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Every Monday morning at 6:49 and 8:49, IPR News Radio looks into the night sky with Mary Stewart Adams, former Program Director and founder of the International Dark Sky Park at the Headlands, who has been telling stories of the night sky on IPR since 2013.

Memorial Day Storyteller's Night Sky


Twice each year we pass through eclipse season, when the Moon comes Full or New near one of its Nodes, and we’re in the midst of it right now, during the two weeks from May 26 to June 10.

The Nodes of the Moon are the two points in space where the plane of the Moon’s orbit around the Earth intersects the plane of the Earth’s orbit around the Sun.

When the Moon comes New or Full at these points of intersection, everything lines up, and an eclipse will occur. This is because Earth, Moon, and Sun will be near the same plane at such times.

In astrological tradition, the Moon’s Nodes reveal the path of destiny. This is rooted in the ancient idea that every human being comes from a star, and it was believed that as we come from our star, we carry destiny forces earthward through the portal of the Moon’s Nodes. Similarly, at death, we carry our life experience back into the celestial-spiritual world through these Nodal points.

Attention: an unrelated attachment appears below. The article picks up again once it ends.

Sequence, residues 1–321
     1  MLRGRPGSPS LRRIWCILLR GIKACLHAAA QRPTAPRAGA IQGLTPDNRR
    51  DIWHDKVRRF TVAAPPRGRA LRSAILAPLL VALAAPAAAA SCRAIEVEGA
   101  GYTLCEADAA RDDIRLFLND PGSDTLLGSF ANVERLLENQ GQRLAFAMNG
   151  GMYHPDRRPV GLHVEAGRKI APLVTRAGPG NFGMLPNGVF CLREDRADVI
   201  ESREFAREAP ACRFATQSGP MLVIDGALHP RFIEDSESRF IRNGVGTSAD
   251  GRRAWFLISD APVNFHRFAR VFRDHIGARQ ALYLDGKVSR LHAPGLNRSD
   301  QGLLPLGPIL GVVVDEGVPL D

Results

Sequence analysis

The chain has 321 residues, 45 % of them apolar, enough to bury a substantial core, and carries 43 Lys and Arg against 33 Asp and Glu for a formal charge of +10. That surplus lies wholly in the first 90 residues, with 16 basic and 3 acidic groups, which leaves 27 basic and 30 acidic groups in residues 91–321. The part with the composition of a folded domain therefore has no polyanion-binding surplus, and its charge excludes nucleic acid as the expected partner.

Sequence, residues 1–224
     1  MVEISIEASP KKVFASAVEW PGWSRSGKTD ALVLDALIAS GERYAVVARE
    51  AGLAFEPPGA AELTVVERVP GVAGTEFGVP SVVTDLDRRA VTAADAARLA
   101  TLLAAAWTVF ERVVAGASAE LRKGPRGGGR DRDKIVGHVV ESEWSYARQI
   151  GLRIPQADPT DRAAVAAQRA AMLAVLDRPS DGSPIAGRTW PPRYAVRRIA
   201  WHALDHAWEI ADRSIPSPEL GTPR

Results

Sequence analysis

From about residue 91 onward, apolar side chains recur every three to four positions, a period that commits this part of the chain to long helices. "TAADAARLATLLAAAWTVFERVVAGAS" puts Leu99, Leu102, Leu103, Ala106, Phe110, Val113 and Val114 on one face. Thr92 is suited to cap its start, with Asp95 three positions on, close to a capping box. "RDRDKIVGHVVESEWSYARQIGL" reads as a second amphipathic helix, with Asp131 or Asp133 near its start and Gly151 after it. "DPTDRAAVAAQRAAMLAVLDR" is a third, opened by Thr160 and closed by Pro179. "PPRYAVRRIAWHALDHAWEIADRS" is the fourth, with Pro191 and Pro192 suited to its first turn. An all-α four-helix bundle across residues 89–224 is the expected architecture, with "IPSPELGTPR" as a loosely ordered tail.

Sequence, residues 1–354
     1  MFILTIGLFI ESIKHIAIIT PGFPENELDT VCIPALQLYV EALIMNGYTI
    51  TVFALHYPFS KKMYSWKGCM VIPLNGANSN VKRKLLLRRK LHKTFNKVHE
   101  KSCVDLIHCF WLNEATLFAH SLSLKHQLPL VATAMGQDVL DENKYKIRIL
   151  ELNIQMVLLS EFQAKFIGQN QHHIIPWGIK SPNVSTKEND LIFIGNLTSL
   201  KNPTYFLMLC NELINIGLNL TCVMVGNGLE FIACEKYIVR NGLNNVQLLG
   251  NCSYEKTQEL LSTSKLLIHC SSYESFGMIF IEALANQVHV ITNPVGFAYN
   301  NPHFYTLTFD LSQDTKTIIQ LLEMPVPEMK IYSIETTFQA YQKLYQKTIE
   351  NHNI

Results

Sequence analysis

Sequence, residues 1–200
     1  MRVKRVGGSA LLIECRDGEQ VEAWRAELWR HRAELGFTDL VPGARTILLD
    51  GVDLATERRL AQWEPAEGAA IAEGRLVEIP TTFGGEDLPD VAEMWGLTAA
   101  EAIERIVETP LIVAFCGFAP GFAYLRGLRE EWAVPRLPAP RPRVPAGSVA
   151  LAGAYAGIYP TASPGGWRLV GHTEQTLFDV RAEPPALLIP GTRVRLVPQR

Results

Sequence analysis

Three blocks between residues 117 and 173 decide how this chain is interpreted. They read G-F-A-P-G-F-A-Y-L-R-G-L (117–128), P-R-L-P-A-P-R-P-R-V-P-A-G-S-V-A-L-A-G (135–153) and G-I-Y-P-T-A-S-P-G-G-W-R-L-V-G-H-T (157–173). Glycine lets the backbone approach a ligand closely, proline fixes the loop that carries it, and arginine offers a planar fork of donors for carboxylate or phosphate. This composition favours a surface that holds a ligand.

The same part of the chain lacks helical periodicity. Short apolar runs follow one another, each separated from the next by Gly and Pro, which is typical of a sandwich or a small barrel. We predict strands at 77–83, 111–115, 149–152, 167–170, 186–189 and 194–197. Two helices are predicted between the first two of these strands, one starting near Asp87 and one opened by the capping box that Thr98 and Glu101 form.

The June 10 annular solar eclipse will cast its shadow right over the North Pole, at the very top of the world. As the Sun rises in Northern Michigan, part of the eclipse will be visible to us, so it’s worth getting up for.

Six months from now, a total solar eclipse will cast its shadow over Antarctica, which allows the storyteller to imagine that, at least as far as eclipses go, 2020 is about realizing how the whole world, from the very top to the very bottom, is woven together in a harmonious destiny, as the poet Rilke wrote:

“Destiny itself is like a wonderful wide tapestry in which every thread is guided by an unspeakable tender hand, placed beside another thread and held and carried by a hundred others.”

An annular solar eclipse occurs when the Moon crosses completely in front of the Sun but is too far away from the earth to block the entire solar disc.